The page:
macrumors newbie
Jan 6, 2020
22
19
Thank you for your detailed response, really appreciated.

- I am running Catalina 10.15.7

Mainly use it for multitasking: Using many tabs on a browsers, gmail, MS (word, excel), always switching between apps, split screening.

Sometimes it just freezes for around 4-6 seconds when I am doing some work.


Installing the SSD is the ideal option, but if I do open the machine should I upgrade the RAM while I am at it as RAM isnt that expensive?


This might be stupid question: I am on 8gb RAM now, if I do go to 16gb RAM, how would that improve the machine how what would the machine be able to handle in terms of work and applications.

Thanks again,

It definitely sounds like you could benefit from the RAM upgrade for your use case - a possibility for why your Mac is hanging a lot could be due to macOS caching some of the contents stored in RAM to your hard drive.

Caching operations, I believe, can lead to excessive wear on an SSD (not sure whether this is any better with a modern SSD), and more RAM would reduce the amount of caching required, and speed things up with multiple browser tabs etc. It may be also worth looking at the memory pressure graph (image below) under Activity Monitor - if it is orange or red, then extra RAM would definitely be a benefit.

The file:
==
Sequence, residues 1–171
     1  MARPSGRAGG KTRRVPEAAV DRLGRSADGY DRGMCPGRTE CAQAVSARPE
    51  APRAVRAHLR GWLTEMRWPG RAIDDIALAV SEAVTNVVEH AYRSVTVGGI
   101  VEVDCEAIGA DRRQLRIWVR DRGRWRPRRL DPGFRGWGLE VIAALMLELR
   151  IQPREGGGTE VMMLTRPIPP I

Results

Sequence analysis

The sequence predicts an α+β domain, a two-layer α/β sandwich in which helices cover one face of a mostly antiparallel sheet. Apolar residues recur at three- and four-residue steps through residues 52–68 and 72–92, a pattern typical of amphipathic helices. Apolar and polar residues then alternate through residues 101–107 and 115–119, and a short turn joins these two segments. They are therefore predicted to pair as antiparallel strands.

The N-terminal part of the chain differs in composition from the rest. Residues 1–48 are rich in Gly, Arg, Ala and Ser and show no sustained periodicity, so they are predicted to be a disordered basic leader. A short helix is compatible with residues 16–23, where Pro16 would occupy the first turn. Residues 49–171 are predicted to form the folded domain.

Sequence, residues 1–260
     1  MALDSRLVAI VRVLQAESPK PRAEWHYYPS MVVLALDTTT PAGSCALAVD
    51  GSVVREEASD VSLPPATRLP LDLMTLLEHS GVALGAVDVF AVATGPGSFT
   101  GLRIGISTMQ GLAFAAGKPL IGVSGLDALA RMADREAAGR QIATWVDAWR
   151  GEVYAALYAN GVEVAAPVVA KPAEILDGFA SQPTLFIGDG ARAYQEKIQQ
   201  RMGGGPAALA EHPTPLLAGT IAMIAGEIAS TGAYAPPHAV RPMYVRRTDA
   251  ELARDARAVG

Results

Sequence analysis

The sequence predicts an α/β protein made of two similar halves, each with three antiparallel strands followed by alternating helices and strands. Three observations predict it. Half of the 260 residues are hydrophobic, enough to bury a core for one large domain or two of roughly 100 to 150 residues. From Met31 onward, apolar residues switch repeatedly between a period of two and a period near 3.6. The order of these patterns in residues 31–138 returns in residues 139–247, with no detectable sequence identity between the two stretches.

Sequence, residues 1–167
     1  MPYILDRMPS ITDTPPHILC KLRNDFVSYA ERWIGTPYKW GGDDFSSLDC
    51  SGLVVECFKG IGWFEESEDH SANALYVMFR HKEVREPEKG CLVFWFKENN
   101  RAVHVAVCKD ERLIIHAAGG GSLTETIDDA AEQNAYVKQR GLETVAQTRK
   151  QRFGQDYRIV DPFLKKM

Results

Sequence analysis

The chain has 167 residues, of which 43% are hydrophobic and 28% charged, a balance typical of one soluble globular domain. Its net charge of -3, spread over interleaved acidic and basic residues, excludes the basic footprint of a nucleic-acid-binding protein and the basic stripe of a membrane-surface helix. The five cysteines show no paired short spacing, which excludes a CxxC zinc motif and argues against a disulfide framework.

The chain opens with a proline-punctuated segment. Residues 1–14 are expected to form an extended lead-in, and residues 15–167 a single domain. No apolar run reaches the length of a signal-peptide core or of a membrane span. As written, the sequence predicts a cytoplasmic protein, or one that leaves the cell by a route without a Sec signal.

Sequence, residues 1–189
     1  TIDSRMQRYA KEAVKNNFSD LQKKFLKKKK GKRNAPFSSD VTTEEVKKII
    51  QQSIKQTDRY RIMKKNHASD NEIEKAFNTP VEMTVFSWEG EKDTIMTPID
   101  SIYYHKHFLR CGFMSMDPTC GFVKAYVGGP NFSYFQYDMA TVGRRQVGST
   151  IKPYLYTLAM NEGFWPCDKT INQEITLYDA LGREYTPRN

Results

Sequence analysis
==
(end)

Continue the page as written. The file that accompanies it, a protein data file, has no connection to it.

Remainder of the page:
1603374856905.png
 
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Fishrrman

macrumors Penryn
Feb 20, 2009
28,716
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Easiest drive upgrade is to buy an EXTERNAL USB3 SSD, plug it in, and set it up to be the new boot drive.

If you get a 1tb SSD, you can use CarbonCopyCloner to clone the internal (slow) drive to the external SSD (which will then run considerably faster). Expect read speeds around 420-430MBps.
CCC is free to download and use for 30 days -- using it will cost you nothing. Get it here:
Carbon Copy Cloner - Download

This isn't much more than "child's play on the Mac" -- ANYONE can do it.